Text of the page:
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Silak ullumi sujuk- What is the weather like today?Fieldwork in Nain, Nunatsiavut

Myrah Graham


“Please be advised that PAL airlines flight 962 to Nain is on weather hold. Update in thirty minutes.” These announcements would become a mantra throughout the day, repeated six more times before finally receiving the news of its cancellation. Sorry folks, try again tomorrow. In most other airports in North America, this would be cause for outrage. But in the North, it’s the reality of being closely bound to the weather.



I had never concerned myself with winds, waves and tides. Upon landing in Nain, it was my first and last thought: What is the weather like today? What is the weather like tomorrow? Without favourable conditions we were weather-bound, a florid way of saying: “not doing field work today.” Although I was here to support research on Ogâtsuk (Rock Cod) and Ikaluk (Arctic Char), half our time was spent waiting for the thrashing of wind and surf to calm so that we could head out to the sampling sites.



The euphoria of finally making it out of the harbour aboard the Inuttatik was kept in check by the rush of activity needed to get all the equipment ready. Central to the data collection was a brand new drop camera, assembled and ready to be deployed across 80 sites in Nain’s waters. While the camera captured beautiful tableaus of the seafloor, on board we focused on getting positions, depths and times diligently recorded and saved. Meanwhile, Willie and Ama steered the ship over precise waypoints and ensured we were well-fed with local delicacies.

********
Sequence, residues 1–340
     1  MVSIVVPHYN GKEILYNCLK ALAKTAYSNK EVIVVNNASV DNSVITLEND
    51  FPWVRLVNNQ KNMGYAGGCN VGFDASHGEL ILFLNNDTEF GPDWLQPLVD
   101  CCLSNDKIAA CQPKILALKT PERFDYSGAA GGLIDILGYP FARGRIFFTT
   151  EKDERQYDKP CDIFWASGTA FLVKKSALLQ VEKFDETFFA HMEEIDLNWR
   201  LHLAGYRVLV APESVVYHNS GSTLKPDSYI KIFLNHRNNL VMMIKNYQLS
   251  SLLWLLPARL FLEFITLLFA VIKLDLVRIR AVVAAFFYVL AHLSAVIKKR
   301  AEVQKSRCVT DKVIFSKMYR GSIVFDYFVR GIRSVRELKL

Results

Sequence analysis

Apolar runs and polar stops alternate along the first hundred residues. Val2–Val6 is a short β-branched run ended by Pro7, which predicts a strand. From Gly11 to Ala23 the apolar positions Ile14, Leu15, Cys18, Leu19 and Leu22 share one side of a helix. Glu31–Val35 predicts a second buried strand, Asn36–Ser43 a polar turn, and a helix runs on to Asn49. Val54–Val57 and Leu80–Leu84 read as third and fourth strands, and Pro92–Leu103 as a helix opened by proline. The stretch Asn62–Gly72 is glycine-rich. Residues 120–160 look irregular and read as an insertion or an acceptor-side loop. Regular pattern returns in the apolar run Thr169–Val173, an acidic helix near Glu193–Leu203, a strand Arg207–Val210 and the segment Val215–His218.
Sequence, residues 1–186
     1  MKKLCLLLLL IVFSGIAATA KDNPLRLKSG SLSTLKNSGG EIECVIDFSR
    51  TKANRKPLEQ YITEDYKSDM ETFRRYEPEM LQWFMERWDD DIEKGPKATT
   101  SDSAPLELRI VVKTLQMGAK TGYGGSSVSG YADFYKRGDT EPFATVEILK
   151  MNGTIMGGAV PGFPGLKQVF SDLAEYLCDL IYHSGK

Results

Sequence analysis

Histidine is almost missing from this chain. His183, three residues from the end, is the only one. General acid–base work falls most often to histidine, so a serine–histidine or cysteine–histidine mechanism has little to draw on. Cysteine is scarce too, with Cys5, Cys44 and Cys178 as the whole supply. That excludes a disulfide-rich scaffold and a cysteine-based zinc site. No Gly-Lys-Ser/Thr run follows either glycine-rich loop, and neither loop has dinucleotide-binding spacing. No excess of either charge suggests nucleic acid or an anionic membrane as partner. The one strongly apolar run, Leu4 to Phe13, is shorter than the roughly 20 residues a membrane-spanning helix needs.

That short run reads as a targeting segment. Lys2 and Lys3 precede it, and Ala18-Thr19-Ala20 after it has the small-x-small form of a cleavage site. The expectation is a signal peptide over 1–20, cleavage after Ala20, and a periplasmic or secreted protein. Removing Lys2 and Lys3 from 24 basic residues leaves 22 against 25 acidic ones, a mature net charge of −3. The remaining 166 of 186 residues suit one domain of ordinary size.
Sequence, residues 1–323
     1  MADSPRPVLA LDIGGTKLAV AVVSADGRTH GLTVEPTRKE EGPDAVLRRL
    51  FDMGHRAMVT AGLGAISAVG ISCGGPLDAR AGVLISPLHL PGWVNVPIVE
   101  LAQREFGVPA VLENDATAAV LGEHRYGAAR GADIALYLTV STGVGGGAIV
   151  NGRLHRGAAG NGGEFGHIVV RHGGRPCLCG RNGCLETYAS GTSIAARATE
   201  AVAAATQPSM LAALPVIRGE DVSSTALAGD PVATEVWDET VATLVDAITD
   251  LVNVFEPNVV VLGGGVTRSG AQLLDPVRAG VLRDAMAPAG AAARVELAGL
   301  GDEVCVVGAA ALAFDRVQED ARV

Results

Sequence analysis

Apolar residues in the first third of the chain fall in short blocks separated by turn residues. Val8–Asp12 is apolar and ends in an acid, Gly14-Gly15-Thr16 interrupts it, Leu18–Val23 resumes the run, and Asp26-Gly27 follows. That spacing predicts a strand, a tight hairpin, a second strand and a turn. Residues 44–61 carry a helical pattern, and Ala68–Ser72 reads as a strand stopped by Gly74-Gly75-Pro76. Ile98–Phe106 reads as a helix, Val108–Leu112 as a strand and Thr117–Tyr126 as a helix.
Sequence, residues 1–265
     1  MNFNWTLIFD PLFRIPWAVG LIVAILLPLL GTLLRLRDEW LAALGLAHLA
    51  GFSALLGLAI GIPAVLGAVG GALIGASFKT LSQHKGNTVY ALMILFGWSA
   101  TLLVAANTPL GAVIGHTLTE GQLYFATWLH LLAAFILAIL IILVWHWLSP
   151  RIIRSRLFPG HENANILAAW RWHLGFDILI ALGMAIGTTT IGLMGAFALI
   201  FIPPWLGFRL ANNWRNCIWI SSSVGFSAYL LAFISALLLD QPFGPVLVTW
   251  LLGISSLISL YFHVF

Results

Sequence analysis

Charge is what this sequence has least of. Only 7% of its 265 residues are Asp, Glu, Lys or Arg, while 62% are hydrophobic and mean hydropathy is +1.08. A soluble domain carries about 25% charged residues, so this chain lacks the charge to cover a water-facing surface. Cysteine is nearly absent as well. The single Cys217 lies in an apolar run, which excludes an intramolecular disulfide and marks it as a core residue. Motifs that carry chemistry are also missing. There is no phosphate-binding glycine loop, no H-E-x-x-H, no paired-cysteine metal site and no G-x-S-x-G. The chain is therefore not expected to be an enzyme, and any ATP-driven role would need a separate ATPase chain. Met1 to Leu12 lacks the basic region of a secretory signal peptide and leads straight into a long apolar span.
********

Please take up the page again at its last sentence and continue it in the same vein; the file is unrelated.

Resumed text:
The field day took on the rhythm of the rocking of the boat. Sometimes high activity, and sometimes a lull while we sailed onwards. On land as on the water, it was in the waiting that connections could blossom. As a new member of the 4D Oceans Lab, getting to know a fellow student, field technician and supervisor helped me feel more integrated in the team. As a newcomer to Nain, sharing stories with locals helped me gain more insight into the area we were studying and thus feel more connected. Captain Willie was very generous with his knowledge of the area, pointing out seals and Minke whales as they surfaced. During weather days on land, John at the Illusuak Cultural Centre shared stories of sea ice and snow, much reduced in recent years. And the brilliant team at the Nunatsiavut Research Centre graciously sharing anecdotes of other research happening in the area, as well as ideas for new directions.


By the end of my week in Nain, wondering Silak ullumi sujuk? didn’t have the same anxiety about it. At sea as on land, we would still be doing meaningful work.



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